Why high-risk individuals should get screened for lung cancer — even if you’ve quit smoking

11:56 AM, Jun 04, 2020

Lung cancer affects thousands of people every year, with almost 230,000 new cases expected this year, according to the American Cancer Society. Additionally, the survival rate for lung cancer is low compared to other cancers, often because of how late it is detected.

“The vast majority of cases are detected at a stage when there’s no meaningful therapy,” said Douglas Adams MD, a cardiothoracic surgeon with the TriHealth Heart Institute and surgical director of thoracic oncology at TriHealth. “They’re detected in late stage three or stage four when a patient develops symptoms and they get a further workup. Symptoms of lung cancer often present themselves so, so by the time those symptoms are obvious, it is beyond a cure.”

In fact, more than half of people with lung cancer die within a year of being diagnosed, according to the American Lung Association. So, what can you do to prevent the worst?

Early detection

If you are diagnosed with lung cancer early, when the disease is still localized, the 5-year survival rate is significantly higher than if it is diagnosed in later stages. Unfortunately, there are few recognizable symptoms at early stages, which is why screening is important if you are in a high-risk group, even when you feel fine.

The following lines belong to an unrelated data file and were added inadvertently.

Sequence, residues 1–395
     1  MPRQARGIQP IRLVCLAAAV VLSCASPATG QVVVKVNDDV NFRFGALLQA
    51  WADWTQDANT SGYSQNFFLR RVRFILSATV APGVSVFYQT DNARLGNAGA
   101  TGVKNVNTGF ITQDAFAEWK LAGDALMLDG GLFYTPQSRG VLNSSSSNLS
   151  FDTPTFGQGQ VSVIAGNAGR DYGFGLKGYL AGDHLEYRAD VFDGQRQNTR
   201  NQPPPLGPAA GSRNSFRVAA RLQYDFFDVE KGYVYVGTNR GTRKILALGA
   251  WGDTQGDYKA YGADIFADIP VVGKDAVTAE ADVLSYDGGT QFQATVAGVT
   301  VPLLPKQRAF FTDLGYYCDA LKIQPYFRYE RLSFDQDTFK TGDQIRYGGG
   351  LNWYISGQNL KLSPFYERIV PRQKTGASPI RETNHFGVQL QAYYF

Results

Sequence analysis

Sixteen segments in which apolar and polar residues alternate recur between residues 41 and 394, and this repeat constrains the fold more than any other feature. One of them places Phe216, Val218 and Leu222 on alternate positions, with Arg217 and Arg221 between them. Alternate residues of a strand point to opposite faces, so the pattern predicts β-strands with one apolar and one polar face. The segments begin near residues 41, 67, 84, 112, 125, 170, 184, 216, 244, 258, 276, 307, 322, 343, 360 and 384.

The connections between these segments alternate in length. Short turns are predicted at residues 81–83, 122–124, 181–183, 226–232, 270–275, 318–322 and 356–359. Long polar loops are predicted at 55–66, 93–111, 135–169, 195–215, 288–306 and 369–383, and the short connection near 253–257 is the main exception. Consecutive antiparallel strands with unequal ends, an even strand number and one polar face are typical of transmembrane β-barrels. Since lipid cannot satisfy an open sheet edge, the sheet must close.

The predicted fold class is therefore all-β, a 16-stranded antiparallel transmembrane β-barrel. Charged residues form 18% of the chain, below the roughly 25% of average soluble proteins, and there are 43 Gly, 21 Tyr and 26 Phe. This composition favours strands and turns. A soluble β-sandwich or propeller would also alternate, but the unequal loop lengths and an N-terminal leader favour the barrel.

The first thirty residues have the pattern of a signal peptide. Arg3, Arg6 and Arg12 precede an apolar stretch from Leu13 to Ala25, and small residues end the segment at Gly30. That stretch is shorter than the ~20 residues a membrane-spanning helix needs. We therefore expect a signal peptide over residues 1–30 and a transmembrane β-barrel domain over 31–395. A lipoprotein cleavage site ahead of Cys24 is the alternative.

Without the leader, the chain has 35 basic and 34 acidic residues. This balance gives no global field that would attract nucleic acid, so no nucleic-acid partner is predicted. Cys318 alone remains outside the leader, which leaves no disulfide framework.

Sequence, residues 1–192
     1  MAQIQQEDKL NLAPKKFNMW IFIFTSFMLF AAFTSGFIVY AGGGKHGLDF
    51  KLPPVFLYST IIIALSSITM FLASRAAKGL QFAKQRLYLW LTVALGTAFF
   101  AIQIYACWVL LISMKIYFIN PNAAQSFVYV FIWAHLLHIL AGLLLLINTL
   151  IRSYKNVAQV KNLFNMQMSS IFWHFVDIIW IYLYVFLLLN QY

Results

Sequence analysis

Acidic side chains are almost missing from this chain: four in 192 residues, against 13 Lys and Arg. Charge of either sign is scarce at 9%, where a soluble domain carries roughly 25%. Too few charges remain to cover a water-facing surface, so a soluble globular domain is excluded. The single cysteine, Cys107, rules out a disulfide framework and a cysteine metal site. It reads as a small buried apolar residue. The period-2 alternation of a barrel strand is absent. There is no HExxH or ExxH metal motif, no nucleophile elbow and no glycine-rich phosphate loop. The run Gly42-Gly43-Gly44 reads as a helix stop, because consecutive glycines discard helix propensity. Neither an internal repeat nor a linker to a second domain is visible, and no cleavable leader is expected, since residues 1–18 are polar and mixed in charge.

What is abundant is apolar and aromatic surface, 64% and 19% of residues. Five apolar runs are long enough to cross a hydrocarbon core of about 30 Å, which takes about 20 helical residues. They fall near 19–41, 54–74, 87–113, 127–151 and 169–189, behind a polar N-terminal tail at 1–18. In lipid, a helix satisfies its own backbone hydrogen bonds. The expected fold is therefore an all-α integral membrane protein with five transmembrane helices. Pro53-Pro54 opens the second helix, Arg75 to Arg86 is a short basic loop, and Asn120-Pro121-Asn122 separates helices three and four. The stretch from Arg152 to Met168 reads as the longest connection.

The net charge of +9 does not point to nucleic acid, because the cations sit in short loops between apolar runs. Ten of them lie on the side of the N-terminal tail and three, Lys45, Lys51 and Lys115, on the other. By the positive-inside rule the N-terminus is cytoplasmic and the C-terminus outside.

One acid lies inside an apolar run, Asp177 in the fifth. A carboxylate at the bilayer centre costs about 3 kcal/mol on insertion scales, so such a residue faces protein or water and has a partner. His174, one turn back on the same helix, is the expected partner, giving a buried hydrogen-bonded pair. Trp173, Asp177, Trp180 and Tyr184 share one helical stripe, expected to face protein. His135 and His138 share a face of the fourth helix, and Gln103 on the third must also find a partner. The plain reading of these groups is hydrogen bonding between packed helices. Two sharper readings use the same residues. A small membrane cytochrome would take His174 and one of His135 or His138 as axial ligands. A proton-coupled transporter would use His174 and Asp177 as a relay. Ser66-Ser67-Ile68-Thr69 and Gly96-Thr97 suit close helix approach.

High risk groups include those 55 and up who smoke or who quit smoking less than 15 years ago and have had 30 “pack years.” You can calculate pack years by figuring out how long you smoked equal to a pack a day. So, if you smoked two packs a day, you would have reached 30 pack years in only 15 years.

The benefits of screening are clear, as illustrated by research into annual low-dose CT scans that showed 80 percent of people with lung cancer were diagnosed at an early stage, Dr. Adams said. It is unusual for an insurance company to not cover the cost of annual screenings because of their effectiveness.

“Lung cancer screening is actually more effective than mammography or colonoscopy,” Dr. Adams said. “One out of 800 colonoscopies saves a life and one out of 1,200 mammograms saves life. Because lung cancer screening is intended specifically for those at-risk groups, one out of 350 scans saves a life from lung cancer.”

What to expect

A screening is simple, with an appointment lasting about 15 minutes, and the imaging itself taking a mere 15 to 20 seconds.

Following the screening, a radiologist will review your images and send the results to your doctor, who will help you determine the next step. Up to 30 percent of people screened have something that requires more imaging several months down the road, Dr. Adams said.

“If there’s nothing, the next scan will be in a year,” he said.

If your results are inconclusive, TriHealth quickly offers a biopsy option. This will allow doctors to insert a thin tube, called a bronchoscope, down your throat to collect concerning tissue, and then diagnose or dismiss the possibility of cancer right away, instead of making you wait for another screening.

If you have lung cancer, treatment often includes surgery to remove the nodule. A surgeon can determine the least invasive technique necessary to remove the nodule from each individual patient.

“Robotic technology has significant refined lung surgery,” Dr. Adams said. “Recovery time in the hospital is often less than three days and people are generally back to their normal routine within three weeks.”

Talk to your doctor about requesting a lung cancer screening, or contact the TriHealth lung cancer screening clinic at 513-865-1145. For more information, visit TriHealth.com.